Back in September, House Speaker Nancy Pelosi told reporters she was “absolutely” committed to having the final language of any health care bill posted on the Internet for 72 hours before a vote on the House floor.
Well, the bill isn’t finished, with major issues such as taxpayer funding of abortions and rules governing amendments still unresolved. Nonetheless, the Speaker is rushing towards a Saturday vote on the bill.
Back on September 24, the Weekly Standard asked Ms. Pelosi at a news conference: “Do you support the measure to put the final House bill online for 72 hours before it’s voted on at the very end?” Her response was “Absolutely. Without question.”
But now Pelosi spokesman Brendan Daly tells the Standard: “No, [the] pledge was to have manager’s amendment online for 72 hours and we will do that.” The manager’s amendment makes major changes to a bill (witness the 309-page monstrosity dropped on Congress just before July’s vote on the “cap-and-trade” global warming bill). But it’s not the final bill, so Speaker Pelosi’s pledge last September was hollow.
Mrs. Pelosi viewed rushing to judgment on bills differently when she was in the minority. In 2004, she unveiled a proposed “Bill of Rights” to protect House minority interests, which included giving members enough time to read bills and a stop to the practice of holding votes open well past the normal 15 minutes. She had a point: In late 2003, Republican leaders held open a roll-call vote on the Medicare drug entitlement for three hours until they bullied enough wavering members into voting aye.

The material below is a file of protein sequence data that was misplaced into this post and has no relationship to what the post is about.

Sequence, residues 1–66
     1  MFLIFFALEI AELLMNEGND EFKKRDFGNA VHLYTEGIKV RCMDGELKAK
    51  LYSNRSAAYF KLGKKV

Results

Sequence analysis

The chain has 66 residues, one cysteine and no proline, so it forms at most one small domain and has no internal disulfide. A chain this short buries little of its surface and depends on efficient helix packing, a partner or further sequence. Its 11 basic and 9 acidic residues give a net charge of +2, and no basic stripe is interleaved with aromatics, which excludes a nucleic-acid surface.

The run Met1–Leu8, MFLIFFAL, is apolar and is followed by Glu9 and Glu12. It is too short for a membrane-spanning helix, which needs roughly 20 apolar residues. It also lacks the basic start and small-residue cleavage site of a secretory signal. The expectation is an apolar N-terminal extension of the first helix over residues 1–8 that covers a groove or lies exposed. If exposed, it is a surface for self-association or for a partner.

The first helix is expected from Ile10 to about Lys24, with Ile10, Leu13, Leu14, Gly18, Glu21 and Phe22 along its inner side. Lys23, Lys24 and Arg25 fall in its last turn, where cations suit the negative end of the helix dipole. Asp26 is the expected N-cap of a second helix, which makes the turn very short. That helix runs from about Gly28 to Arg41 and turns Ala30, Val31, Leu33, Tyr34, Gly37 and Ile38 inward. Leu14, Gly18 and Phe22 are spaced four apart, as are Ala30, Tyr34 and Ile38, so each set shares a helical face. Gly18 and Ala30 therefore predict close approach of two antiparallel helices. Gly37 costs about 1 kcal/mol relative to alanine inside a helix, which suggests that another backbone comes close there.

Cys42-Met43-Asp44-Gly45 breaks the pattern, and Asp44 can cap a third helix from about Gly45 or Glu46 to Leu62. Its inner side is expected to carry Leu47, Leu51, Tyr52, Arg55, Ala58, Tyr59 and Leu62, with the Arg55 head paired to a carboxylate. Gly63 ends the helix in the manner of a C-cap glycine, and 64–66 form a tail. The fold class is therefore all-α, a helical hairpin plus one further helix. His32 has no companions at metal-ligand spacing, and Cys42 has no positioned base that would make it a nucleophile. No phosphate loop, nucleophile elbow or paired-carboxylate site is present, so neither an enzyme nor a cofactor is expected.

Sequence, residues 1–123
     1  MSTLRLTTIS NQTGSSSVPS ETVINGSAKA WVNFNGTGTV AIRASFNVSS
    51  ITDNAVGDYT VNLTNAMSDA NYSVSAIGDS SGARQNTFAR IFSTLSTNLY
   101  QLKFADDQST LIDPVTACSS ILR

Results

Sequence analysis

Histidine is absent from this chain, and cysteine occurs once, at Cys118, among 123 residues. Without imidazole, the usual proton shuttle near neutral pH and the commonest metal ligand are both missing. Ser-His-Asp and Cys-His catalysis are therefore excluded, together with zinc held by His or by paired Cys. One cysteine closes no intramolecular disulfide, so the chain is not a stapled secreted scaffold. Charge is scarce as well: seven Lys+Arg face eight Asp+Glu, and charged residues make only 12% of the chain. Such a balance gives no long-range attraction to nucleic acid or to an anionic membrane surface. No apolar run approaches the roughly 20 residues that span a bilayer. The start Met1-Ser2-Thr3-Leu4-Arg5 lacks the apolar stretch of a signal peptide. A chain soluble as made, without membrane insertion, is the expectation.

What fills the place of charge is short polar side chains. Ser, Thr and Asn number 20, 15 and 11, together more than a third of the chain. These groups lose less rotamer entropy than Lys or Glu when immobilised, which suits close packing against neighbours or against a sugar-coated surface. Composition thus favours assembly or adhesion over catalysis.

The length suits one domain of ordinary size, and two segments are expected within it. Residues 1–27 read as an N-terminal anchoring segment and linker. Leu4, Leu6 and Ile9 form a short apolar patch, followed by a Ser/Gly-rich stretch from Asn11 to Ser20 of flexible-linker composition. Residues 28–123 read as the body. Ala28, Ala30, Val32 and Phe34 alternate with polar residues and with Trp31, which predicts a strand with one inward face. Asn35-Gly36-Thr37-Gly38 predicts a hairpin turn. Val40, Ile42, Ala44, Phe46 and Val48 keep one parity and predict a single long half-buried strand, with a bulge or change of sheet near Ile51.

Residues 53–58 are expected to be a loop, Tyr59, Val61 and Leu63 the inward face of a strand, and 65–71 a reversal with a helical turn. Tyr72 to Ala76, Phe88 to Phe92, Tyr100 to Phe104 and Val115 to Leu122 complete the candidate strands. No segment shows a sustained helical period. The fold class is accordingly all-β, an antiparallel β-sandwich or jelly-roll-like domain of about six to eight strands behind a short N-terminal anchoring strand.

“When we [Democrats] are shut out, they are shutting out the great diversity of America. We want a higher standard,” Ms. Pelosi said at the time. In 2006, just before becoming speaker, she reiterated her plans to promote “bipartisanship” and “to ensure the rights of the minority.”
That was then. Now Ms. Pelosi is intent on using her political machine to run roughshod over opposition. Republican consultant Alex Castellanos notes that Democrats are replicating the worst practices of the Bush Republicans: “It is ironic that Obama and the Democrats are becoming the very thing they worked so hard to reject. Democrats criticized George W. Bush and the Republicans for not listening to Americans and being blindly ideological and inflexible. They might as well put on his swaggering Texas belt-buckle. They have caught the disease they tried to cure.”
‘John Fund is a columnist for the Wall Street Journal’